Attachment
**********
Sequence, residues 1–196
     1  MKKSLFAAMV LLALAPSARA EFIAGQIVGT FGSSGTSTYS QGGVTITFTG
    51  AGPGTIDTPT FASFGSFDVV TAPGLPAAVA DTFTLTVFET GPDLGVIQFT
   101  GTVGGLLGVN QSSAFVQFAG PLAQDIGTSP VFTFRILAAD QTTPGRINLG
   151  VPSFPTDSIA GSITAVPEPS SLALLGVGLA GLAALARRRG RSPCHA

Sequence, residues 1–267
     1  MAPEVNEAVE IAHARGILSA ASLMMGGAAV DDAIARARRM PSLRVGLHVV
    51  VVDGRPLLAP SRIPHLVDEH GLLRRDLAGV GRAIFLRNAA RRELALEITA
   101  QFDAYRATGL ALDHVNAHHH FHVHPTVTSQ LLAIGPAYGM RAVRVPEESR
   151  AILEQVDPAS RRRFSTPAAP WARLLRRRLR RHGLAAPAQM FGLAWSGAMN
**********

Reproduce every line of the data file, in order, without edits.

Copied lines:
Sequence, residues 1–196
     1  MKKSLFAAMV LLALAPSARA EFIAGQIVGT FGSSGTSTYS QGGVTITFTG
    51  AGPGTIDTPT FASFGSFDVV TAPGLPAAVA DTFTLTVFET GPDLGVIQFT
   101  GTVGGLLGVN QSSAFVQFAG PLAQDIGTSP VFTFRILAAD QTTPGRINLG
   151  VPSFPTDSIA GSITAVPEPS SLALLGVGLA GLAALARRRG RSPCHA

Sequence, residues 1–267
     1  MAPEVNEAVE IAHARGILSA ASLMMGGAAV DDAIARARRM PSLRVGLHVV
    51  VVDGRPLLAP SRIPHLVDEH GLLRRDLAGV GRAIFLRNAA RRELALEITA
   101  QFDAYRATGL ALDHVNAHHH FHVHPTVTSQ LLAIGPAYGM RAVRVPEESR
   151  AILEQVDPAS RRRFSTPAAP WARLLRRRLR RHGLAAPAQM FGLAWSGAMN